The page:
This edition of his longtime band, Five Elements, is perhaps his strongest ever. Of particular note are Jonathan Finlayson, who has been with the group for the last eight years and is one of the most highly regarded young trumpeters in jazz, playing on such critically acclaimed albums as Steve Lehman's Travail, Transformation, and Flow and Mary Halvorson's Saturn Sings; and Jen Shyu, whose vocals - with its precise and beautifully nuanced articulation and rhythmic precision - Coleman employs as an equal part in the horn section. Completely defying the traditional role of jazz singing, Shyu's passionate vocals bring an emotional element to this complex and cutting-edge music while pushing the possibilities of jazz singing into new territory. She will be featured on Pi Recordings' next release, Synastry, a duo with bassist Mark Dresser. They are backed by two drummers, a configuration unusual in jazz: Tyshawn Sorey and Marcus Gilmore, both considered the state-of-the-art. For Coleman the idea was to achieve with trap drummers in the jazz tradition what he has previously only experienced playing with the Cuban folkloric drumming troupe AfroCuba de Matanzas; something that he describes as a "multi- directional rhythmic sound," where propulsion is generated in several directions at once, with each drummer's individual parts interlocked in overlapping rhythmic cycles while providing one cohesive sound. The band is joined by Ramón García Pérez on percussion whose chants in Lucumi, a Cuban variant of the Yoruba language, are related to the Orishas that each song in the Ifá Suite is dedicated to. Vijay Iyer also said about Coleman: "What sits behind his influence is this global perspective on music and life. He has a point of view of what he does and why he does it.... He deserves to be placed in the pantheon of pioneering artists." The Mancy of Sound reveals in Coleman an uncompromising artist devoted to the continued expansion of jazz's breadth of view."-Pi Recordings
• Show Bio for Jonathan Finlayson
"Jonathan Finlayson has been recognized by the New York Times as "...an incisive and often surprising trumpeter," who is "...fascinated with composition." Born in 1982 in Berkeley, CA, Finlayson began playing the trumpet at the age of ten in the Oakland public school system. He came under the tutelage of Bay Area legend Robert Porter, a veteran trumpeter from the bebop era who took Finlayson under his wing; he was often seen accompanying Porter on his gigs about town and sitting in on the popular Sunday nights jam session at the Bird Cage. He subsequently attended the New School for Jazz and Contemporary Music where he studied with Eddie Henderson, Jimmy Owens and Cecil Bridgewater.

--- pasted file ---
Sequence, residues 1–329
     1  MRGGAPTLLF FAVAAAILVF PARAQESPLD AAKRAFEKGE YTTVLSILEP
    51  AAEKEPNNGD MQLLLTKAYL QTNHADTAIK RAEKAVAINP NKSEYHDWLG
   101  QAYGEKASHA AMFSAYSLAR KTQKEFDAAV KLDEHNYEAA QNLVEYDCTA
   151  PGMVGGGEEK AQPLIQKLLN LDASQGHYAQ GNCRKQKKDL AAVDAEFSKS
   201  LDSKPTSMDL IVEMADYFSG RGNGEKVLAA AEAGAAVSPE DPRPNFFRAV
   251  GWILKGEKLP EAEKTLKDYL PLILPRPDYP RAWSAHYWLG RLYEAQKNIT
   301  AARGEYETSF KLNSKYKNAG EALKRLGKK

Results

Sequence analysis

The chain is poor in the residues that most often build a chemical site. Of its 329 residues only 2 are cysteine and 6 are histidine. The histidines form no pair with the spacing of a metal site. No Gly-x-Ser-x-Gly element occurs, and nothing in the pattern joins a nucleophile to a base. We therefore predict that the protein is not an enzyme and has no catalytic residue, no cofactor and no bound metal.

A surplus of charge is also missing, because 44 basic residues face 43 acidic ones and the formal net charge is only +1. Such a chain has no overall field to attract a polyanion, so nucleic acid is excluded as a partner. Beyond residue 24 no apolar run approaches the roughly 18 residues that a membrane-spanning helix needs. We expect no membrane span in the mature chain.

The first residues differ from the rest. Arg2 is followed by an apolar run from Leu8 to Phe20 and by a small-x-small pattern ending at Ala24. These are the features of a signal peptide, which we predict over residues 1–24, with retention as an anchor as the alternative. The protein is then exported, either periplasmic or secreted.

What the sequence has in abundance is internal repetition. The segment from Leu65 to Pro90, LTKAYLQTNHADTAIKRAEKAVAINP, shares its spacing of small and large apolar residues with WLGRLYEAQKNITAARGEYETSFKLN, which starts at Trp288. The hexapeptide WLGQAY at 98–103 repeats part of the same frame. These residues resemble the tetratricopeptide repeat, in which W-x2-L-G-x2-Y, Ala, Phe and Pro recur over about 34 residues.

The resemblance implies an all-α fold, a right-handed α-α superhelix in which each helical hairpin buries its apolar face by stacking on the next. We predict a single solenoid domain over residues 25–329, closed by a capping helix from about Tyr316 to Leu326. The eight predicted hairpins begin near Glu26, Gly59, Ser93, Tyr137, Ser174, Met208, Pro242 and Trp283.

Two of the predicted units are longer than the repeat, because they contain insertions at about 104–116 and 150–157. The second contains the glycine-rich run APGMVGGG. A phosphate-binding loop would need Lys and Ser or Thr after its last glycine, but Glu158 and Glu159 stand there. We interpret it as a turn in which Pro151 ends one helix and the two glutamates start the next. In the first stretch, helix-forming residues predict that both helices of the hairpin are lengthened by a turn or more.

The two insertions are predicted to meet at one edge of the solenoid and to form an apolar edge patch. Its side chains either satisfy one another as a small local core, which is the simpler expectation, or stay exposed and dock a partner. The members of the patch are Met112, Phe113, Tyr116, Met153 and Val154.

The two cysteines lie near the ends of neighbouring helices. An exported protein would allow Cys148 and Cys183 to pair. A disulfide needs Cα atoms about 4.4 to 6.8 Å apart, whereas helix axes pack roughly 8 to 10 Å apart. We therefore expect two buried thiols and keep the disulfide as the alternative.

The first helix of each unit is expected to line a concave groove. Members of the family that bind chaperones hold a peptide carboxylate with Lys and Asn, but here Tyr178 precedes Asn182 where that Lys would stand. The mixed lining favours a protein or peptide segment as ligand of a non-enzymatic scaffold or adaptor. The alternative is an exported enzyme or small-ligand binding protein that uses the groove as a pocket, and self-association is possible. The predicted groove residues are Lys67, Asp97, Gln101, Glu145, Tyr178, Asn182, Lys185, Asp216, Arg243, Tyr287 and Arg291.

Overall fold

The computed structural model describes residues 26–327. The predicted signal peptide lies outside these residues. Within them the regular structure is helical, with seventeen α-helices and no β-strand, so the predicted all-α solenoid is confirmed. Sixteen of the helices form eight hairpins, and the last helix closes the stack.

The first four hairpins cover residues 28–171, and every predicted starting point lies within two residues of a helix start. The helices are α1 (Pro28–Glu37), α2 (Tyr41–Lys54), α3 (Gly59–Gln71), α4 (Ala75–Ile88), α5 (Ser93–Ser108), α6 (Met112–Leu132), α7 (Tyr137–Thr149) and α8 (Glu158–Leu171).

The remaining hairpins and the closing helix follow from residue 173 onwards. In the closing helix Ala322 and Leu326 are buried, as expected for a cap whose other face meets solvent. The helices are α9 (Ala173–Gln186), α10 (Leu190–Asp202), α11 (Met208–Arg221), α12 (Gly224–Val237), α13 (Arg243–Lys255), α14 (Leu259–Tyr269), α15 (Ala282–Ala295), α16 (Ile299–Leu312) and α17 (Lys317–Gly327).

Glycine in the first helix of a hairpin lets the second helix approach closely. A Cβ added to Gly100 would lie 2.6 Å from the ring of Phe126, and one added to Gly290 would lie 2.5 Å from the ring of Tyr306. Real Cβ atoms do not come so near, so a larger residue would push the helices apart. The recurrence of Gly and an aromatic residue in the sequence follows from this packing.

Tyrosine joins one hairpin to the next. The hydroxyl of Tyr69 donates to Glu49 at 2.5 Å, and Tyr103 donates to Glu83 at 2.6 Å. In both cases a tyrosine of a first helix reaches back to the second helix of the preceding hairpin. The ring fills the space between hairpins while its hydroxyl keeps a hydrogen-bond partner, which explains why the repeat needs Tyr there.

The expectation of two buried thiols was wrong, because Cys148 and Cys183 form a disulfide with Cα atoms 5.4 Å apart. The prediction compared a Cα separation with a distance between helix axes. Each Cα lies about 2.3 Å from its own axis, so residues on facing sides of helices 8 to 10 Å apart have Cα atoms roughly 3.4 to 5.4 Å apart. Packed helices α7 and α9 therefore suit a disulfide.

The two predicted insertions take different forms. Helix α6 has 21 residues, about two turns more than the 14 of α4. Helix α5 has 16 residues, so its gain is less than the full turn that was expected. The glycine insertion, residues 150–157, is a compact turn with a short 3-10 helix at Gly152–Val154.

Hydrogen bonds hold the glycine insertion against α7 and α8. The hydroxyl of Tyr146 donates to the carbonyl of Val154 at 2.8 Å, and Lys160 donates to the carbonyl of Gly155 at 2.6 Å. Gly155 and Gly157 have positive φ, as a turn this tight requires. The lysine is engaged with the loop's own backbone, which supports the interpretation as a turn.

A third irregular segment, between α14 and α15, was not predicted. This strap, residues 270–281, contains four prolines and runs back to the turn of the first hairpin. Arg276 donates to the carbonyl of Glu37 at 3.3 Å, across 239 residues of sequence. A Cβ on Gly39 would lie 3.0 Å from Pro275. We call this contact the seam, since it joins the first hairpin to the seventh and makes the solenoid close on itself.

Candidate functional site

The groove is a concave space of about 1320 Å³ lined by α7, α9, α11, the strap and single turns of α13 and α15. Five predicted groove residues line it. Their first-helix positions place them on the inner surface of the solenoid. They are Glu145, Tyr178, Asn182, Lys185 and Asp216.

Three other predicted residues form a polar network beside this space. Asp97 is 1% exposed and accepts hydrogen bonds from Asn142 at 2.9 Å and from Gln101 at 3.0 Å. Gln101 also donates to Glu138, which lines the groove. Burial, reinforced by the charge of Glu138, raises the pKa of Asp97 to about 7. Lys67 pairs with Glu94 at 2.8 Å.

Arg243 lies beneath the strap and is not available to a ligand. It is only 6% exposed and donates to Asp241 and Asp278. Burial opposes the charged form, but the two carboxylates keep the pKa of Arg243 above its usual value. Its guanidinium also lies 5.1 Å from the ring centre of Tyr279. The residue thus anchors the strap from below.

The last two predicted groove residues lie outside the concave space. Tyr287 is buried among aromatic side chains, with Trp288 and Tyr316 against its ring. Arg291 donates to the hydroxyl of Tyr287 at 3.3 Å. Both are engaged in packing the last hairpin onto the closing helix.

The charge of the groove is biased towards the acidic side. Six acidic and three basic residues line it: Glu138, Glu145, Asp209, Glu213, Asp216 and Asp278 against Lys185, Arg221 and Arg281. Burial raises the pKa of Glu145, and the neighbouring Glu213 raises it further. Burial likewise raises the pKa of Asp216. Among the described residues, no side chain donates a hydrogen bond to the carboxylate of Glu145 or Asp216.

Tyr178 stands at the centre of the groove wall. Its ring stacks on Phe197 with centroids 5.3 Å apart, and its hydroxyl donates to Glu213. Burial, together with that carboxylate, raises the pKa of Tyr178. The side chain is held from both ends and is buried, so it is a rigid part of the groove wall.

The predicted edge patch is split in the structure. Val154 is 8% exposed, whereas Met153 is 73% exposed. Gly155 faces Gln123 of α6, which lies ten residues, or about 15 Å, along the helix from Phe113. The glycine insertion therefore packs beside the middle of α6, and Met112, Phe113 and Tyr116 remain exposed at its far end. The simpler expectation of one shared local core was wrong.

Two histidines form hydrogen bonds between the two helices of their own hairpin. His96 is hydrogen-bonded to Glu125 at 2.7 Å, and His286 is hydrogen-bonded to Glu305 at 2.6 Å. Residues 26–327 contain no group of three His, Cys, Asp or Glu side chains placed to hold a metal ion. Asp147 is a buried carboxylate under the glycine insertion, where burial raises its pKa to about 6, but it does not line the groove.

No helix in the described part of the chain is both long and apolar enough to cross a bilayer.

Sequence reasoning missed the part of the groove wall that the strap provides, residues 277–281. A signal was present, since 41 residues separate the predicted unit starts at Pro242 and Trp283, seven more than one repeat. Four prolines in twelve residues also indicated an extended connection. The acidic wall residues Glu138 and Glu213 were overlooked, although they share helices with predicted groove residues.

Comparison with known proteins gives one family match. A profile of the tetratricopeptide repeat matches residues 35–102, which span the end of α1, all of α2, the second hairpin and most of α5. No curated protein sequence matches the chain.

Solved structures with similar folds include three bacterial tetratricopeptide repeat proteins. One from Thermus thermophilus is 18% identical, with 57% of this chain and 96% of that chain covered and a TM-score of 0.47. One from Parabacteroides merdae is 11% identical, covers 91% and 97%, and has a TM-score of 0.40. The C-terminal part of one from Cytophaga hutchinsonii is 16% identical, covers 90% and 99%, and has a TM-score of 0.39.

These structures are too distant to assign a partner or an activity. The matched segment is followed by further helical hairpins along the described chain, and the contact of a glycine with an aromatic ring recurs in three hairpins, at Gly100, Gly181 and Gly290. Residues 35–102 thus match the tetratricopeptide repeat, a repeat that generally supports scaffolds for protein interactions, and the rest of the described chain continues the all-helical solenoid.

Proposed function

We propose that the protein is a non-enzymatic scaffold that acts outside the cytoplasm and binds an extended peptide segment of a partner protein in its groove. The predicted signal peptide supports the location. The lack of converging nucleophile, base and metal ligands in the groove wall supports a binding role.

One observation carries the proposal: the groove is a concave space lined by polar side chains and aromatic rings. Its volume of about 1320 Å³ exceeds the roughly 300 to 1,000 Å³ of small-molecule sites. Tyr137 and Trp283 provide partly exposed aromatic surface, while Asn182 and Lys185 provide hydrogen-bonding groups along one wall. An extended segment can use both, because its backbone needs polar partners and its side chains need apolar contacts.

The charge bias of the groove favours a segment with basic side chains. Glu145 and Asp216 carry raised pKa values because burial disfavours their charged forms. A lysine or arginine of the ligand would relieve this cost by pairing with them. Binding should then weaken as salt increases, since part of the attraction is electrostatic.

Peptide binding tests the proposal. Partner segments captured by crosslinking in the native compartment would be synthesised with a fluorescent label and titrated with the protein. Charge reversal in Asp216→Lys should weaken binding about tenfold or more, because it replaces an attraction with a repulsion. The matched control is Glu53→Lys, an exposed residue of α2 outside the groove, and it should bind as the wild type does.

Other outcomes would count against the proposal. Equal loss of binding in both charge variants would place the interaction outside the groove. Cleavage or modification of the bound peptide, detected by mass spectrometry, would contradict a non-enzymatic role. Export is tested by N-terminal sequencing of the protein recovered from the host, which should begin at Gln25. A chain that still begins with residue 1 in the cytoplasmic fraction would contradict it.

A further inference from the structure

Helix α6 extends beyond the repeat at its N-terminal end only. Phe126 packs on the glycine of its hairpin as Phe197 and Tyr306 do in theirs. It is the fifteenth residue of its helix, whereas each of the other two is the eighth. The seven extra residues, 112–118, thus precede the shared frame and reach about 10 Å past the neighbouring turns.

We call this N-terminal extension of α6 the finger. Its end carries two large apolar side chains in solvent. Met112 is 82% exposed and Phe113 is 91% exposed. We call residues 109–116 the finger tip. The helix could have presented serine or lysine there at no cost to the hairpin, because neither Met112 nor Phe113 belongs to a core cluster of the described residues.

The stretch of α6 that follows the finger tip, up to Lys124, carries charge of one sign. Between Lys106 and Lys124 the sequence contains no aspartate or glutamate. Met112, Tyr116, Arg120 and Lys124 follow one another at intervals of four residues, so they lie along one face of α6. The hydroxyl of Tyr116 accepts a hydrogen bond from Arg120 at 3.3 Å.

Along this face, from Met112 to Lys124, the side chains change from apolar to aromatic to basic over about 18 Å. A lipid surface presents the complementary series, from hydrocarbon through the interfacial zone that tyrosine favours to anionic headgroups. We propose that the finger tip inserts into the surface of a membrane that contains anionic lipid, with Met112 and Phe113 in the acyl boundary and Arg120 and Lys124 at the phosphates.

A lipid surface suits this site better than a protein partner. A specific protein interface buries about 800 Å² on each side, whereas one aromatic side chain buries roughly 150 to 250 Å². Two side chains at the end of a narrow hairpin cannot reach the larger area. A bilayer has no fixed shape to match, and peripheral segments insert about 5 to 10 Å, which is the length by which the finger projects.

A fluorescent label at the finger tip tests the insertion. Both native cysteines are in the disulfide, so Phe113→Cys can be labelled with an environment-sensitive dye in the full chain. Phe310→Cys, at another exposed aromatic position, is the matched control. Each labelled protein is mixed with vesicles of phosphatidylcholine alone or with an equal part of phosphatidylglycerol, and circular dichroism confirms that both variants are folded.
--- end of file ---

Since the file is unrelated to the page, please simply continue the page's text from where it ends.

Finlayson is a disciple of the saxophonist/composer/conceptualist Steve Coleman, having joined his band Five Elements in 2000 at the age of 18. He is widely admired for his ability to tackle cutting-edge musical concepts with aplomb. Finlayson has performed and recorded in groups led by Steve Lehman, Mary Halvorson, Craig Taborn, Henry Threadgill and played alongside notables such as Von Freeman, Jason Moran, Dafnis Prieto and Vijay Iyer."-Jonathan Finlayson Website (http://jonathanfinlayson.com/biography.html)
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• Show Bio for Thomas Morgan
"Thomas Morgan (born 14 August 1981 in Hayward, California) is an American jazz musician (upright bass, cello) in contemporary jazz.
Morgan began playing the cello 7 years of age, before switching to upright-bass at 14. In 2003 he received his bachelor's degree in Music from the Manhattan School of Music, where he studied with Harvie Swartz and Garry Diall. He also took lessons with Ray Brown and Peter Herbert. Morgan worked with David Binney, Steve Coleman, Joey Baron, Josh Roseman, Brad Shepik, Steve Cardenas, Timućin ahin, Kenny Wollesen, Gerald Cleaver, Adam Rogers and Kenny Werner throughout his career. He is also cooperating with Jakob Bro, Dan Tepfer, Jim Black, John Abercrombie, Masabumi Kikuchi and the Sylvie Courvoisier-Mark Feldman Quartet. Morgan lead his own trio."-Wikipedia (https://en.wikipedia.org/wiki/Thomas_Morgan_(bassist))
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• Show Bio for Tyshawn Sorey
"Tyshawn Sorey (born July 8, 1980 in Newark, New Jersey) is an American musician and composer who plays drum set, percussion, trombone and piano.
Since graduating from William Paterson University, Sorey has been a sought-after musician in many different musical idioms. He is both a performer and composer, and has had works reviewed in The Wire, The New York Times, The Village Voice, Modern Drummer and Down Beat. In August 2009, Sorey was given the opportunity to curate a month of performances at the Stone, a New York performance space owned by John Zorn. He was selected as an Other Minds 17 (2012).
Sorey recently completed a Master of Arts in composition at Wesleyan University in Middletown, Connecticut. In the fall of 2011, he began pursuing doctoral work in composition at Columbia University.
To date, Sorey has released four albums as a leader: That/Not (2007, Firehouse 12 Records), Koan (2009, 482 Music), Oblique (2011, Pi Recordings) and Alloy (2014, Pi Recordings). He has recorded or performed with musicians including Wadada Leo Smith, Steve Coleman, Anthony Braxton, John Zorn, Steve Lehman, Joey Baron, Muhal Richard Abrams, Pete Robbins, Vijay Iyer, Dave Douglas, Butch Morris and Sylvie Courvoisier, among many others."-Wikipedia (https://en.wikipedia.org/wiki/Tyshawn_Sorey)